Excerpted from The Gainesville Sun article by John Henderson
Businesses in Gainesville, Florida with 15 or more employees would not be able to reject a job applicant based on their past arrests under a new law proposed by city officials. The City Commission has directed its legal team to draft a “fair chance hiring” ordinance that will be presented to the business community for input.
The proposed change would bar local businesses from performing criminal background screenings on job applicants prior to any employment offer.
“This is the beginning,” said Commissioner Cynthia Chestnut on Monday. “It is not the final ordinance. We certainly want input from the business community.”
Most employers would be barred initially from asking about someone’s criminal record. After a conditional offer of employment is made, the employer can do a criminal background check on applicant. But that applicant’s prior arrest record that failed to result in a conviction can’t be used against them to withdraw an offer.
Some exceptions, like when a criminal background check is required under state law, such as a daycare worker, will be made, city officials said. The city’s “fair chance hiring” law would be investigated and enforced by the city’s Office of Equity and Inclusion.
“People in this country are innocent until proven guilty,” said Commissioner Adrian Hayes-Santos. “I think the principles in our Constitution are pretty strong, and I think it is important to judge people on their guilt or innocence based on a jury of their peers.”
Under the proposal, businesses that violate the rule will first get a warning and then a fine from the city, commissioners agreed during the last General Policy Committee meeting. Among those requests are for employers to:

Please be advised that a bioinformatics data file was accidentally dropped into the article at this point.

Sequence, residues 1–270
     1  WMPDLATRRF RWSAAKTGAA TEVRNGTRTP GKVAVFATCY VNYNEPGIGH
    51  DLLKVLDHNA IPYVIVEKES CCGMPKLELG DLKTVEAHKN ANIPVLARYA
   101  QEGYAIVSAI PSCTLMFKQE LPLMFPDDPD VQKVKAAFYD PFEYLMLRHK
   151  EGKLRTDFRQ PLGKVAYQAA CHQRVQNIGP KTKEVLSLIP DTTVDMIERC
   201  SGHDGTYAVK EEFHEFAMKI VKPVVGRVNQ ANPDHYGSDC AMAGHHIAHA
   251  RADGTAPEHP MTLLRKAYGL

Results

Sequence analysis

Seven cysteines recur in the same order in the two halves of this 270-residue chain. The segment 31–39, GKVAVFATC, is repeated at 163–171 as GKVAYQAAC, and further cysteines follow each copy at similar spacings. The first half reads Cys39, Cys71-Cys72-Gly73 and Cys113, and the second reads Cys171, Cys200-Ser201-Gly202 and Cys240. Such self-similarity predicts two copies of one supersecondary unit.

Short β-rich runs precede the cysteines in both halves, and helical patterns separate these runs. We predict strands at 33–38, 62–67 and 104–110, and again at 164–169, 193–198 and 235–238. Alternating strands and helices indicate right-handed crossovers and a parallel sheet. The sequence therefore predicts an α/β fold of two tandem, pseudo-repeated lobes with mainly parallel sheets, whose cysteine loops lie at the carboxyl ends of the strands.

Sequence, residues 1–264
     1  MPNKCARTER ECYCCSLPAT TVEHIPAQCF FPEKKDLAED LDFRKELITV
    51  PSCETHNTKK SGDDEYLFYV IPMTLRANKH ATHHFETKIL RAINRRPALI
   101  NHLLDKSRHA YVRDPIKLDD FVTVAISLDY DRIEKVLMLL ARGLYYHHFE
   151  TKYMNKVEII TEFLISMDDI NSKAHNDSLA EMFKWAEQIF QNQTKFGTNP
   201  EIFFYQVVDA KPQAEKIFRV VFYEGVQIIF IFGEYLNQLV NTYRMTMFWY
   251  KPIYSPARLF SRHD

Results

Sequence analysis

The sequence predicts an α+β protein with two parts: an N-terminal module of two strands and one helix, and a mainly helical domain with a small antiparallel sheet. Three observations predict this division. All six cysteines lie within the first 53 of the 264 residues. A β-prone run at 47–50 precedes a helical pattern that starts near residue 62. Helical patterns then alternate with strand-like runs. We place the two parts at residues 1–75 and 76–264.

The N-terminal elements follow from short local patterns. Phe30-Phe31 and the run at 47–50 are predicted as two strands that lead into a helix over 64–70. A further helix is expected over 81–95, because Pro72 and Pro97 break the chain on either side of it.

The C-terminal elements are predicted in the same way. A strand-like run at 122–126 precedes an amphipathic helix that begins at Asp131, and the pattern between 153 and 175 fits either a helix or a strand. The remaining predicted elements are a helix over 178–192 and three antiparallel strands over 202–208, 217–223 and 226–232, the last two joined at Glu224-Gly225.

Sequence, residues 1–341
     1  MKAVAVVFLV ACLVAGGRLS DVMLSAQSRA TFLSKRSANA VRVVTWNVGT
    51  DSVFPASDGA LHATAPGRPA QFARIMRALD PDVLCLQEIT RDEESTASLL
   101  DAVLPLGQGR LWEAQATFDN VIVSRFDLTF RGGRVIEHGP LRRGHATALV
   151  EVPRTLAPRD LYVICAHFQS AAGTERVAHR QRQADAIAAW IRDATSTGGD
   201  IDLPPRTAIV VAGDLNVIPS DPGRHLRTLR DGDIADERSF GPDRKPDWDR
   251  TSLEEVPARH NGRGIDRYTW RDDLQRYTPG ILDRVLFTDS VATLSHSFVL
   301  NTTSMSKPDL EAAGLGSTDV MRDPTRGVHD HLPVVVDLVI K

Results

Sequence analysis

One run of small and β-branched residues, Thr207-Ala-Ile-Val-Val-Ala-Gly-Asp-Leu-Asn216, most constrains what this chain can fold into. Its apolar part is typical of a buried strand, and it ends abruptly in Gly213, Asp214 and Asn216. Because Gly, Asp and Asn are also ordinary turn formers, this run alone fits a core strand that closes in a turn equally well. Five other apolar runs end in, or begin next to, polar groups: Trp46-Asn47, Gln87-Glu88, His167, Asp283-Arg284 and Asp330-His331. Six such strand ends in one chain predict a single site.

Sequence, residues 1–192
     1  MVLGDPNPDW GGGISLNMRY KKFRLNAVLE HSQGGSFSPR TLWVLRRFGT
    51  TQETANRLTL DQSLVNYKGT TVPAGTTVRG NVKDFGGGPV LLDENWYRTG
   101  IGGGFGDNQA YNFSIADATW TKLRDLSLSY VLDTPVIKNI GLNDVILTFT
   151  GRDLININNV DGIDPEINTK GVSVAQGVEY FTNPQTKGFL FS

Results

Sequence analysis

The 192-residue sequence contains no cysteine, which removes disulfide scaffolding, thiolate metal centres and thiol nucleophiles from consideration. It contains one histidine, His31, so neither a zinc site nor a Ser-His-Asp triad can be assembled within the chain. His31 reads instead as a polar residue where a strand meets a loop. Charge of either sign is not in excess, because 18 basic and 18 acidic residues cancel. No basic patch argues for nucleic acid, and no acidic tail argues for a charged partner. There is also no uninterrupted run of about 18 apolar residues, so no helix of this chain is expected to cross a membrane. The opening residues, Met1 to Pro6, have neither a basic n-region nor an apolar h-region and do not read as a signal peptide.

- • Consider age at the time of the offense and consider information showing rehabilitation and good conduct since the offense;
• Provide applicants a copy of records used in decisions;
• Provide applicants an opportunity to give the employer additional information related to their criminal record.
Mayor Lauren Poe said the new law may include a few exceptions, such as allowing employers to weigh arrests like domestic violence, which is often difficult to secure convictions due to witness intimidation and backtracked statements.
Poe said the city is also taking the preliminary recommendations and forwarding them for input to The Greater Gainesville Chamber of Commerce and other organizations.
Community Spring has put out a statement in support of the “fair chance” proposal, saying that about one out of every three adults in the U.S. has an arrest or conviction on their record.
“Many of them are turned away from jobs without being fully considered, despite being qualified and motivated to do the work,” the statement says.
It adds that as a result, formerly incarcerated people are unemployed at a rate of over 27% — higher than the unemployment rate during the Great Depression.
Max Tipping, a lawyer for Community Spring, said Monday that the new law needs to strike the right balance “for something that is going to be truly meaningful and make a difference while also making sure it is not a burden on employers.”
Tipping said other cities, like Chicago and Waterloo, Iowa, already have fair hiring laws.
“This is not some radical idea,” he said.
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